The filmmakers subtly reveal glimpses of Alicja's backstory by simply keeping the camera on her. "Were you abused as a child?" Katie asks, but Alicja never answers. As these two women dance around each other, where they go is increasingly uncomfortable, mainly because it reveals deep-seated attitudes without ever saying them out loud. Eventually, Katie realises she needs an ending, and what happens is creative, deeply disturbing and a provocative, deliberate head-spinner.
Review by Rich Cline |
TORONTO FILM FEST
Warm and sensitive, this drama by Canadian arthouse filmmaker Thom Fitzgerald is based on a stage play, with complex characters and a relatively simple plot. The film is augmented with flickers of memory, revealing internal thoughts and feelings. The pacing is a little slow and circuitous, and the moods are muddy and sometimes undefined, but the central ideas about legacy and acceptance are powerfully resonant.
After years away from home, Belle (Banzhaf) returns to Nova Scotia for her father's funeral, rekindling the clashing relationship with her mother Nancy (Thompson) and brother Greg (Maughan). When Belle's friend Rob (Dunphy) arrives, Nancy hopes that Belle might not be lesbian after all. Indeed, after the trauma of coming out as gay, Belle can't admit that Rob is actually her boyfriend. Greg finds out, learning that Rob is planning to propose, which might not be the best thing to do at a funeral. Especially since Belle has just rekindled her relationship with Clara (Anderson).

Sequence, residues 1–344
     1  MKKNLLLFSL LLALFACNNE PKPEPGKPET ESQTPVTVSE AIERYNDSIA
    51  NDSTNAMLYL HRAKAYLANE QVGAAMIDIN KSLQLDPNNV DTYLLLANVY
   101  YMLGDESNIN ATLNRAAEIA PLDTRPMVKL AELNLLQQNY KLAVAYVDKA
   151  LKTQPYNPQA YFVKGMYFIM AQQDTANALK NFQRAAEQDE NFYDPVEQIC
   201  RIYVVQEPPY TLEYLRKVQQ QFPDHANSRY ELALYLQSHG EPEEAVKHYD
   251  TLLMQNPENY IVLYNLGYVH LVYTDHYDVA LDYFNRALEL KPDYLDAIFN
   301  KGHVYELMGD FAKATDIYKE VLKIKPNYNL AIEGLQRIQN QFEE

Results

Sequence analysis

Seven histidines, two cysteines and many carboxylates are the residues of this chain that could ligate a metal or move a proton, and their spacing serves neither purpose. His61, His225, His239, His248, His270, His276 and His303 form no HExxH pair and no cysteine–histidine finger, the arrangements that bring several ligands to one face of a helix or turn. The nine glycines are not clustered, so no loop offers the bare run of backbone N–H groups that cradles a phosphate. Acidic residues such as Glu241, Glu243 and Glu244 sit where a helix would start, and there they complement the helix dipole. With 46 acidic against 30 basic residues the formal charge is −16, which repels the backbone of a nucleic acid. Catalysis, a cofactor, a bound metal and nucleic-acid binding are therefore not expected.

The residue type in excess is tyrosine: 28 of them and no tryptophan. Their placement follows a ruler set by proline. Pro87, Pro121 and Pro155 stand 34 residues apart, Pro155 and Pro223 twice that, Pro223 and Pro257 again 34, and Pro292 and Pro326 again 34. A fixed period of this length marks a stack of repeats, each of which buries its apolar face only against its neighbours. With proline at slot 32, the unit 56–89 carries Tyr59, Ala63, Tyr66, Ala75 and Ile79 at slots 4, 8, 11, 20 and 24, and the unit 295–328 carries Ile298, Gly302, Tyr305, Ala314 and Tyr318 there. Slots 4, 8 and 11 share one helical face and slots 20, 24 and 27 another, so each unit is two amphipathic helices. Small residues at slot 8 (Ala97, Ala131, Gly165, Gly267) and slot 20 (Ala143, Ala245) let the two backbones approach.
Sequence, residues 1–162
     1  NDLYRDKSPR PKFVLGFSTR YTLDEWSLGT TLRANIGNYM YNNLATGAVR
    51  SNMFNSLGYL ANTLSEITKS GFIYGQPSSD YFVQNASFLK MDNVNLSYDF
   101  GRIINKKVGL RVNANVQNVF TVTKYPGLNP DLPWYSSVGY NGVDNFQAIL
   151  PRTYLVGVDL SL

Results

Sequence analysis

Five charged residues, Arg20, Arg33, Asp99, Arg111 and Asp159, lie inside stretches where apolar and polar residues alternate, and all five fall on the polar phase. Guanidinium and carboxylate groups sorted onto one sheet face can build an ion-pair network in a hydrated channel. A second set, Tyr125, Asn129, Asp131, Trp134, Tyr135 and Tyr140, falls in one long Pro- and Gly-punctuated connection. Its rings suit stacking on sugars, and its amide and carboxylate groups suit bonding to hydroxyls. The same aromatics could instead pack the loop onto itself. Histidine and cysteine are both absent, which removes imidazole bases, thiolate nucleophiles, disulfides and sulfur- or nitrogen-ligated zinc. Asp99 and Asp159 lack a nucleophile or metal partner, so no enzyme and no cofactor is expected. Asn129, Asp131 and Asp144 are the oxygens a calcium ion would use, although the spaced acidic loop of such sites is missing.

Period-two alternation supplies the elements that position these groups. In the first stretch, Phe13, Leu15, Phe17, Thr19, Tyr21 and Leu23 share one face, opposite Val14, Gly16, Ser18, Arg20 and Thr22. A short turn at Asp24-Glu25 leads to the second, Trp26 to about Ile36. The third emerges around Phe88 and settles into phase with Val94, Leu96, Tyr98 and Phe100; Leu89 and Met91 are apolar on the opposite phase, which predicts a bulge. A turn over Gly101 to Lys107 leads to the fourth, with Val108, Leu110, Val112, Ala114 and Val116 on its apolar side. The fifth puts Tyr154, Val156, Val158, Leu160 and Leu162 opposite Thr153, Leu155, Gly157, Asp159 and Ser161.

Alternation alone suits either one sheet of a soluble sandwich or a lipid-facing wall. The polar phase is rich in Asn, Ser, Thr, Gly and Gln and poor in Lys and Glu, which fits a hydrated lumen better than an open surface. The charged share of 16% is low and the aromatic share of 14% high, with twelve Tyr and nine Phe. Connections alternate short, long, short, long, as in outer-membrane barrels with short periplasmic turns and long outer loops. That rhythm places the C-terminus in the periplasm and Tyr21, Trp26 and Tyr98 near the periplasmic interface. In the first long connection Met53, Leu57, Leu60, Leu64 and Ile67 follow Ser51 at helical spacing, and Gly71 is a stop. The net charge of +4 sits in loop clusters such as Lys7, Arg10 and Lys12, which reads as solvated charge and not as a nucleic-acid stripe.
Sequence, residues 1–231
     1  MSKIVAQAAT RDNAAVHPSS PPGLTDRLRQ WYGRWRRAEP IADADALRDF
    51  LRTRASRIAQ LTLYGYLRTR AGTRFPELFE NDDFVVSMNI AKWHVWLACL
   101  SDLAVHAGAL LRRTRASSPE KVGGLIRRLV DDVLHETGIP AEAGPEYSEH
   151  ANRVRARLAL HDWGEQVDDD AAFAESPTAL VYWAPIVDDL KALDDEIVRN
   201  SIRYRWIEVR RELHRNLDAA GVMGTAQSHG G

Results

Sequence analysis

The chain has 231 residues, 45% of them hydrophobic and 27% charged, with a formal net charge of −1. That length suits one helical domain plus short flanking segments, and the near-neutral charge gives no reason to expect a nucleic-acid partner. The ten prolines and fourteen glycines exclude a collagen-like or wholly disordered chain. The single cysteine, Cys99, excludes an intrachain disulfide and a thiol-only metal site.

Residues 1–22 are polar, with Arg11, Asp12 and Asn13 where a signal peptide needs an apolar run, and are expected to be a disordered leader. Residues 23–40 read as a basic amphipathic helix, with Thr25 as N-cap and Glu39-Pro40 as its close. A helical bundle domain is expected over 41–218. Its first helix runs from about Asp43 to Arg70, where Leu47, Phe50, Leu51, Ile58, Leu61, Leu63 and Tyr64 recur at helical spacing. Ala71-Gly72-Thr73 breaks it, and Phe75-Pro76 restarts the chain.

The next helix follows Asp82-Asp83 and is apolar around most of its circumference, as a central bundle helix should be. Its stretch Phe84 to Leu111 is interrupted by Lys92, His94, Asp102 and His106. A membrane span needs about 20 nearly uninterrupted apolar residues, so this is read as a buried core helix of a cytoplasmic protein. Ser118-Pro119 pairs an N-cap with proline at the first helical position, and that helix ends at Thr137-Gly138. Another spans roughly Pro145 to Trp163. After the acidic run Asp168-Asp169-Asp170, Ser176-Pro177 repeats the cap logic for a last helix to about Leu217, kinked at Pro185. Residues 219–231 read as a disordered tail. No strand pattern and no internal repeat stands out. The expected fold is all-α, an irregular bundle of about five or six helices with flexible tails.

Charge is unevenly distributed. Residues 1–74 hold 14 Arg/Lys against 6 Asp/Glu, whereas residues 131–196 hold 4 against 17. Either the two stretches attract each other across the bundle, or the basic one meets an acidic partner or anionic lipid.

The theatrical roots of this material show in the way it largely centres on conversations in the kitchen between four characters who are circling around each other, sharing and concealing their thoughts and feelings. The physical and emotional connections are cleverly played out in tangential dialog that often seems off the topic, but of course is revealing something much deeper about motivations and yearnings. Conversations are packed with superb anecdotes, and they also bring up more unsettling things that put Belle on a collision course with herself.
Performances are easy and realistic, underplaying the dramatic undercurrents of tension swirling between this group of intriguing, involving people. Banzhaf is terrific as a young woman whose identity is compromised by being home, struggling to maintain her sense of self as old memories and new feelings mingle. Opposite her, Thompson, Maughan and Dunphy all have very strong scenes, creating vivid characters who are very easy to identify with as they grapple with emotions that surge in unexpected directions.
There's an intriguing angle to this story in the way it explores the small lies we tell our families about oureselves without even thinking about them, whether it's withholding information, offering false opinions or allowing untrue assumptions to continue. And the converse is also explored here, namely the often unspoken pressures we put on our closest loved ones to live up to the expectations we have for them. So it's no wonder that we need to find outsiders who will accept us for who we really are.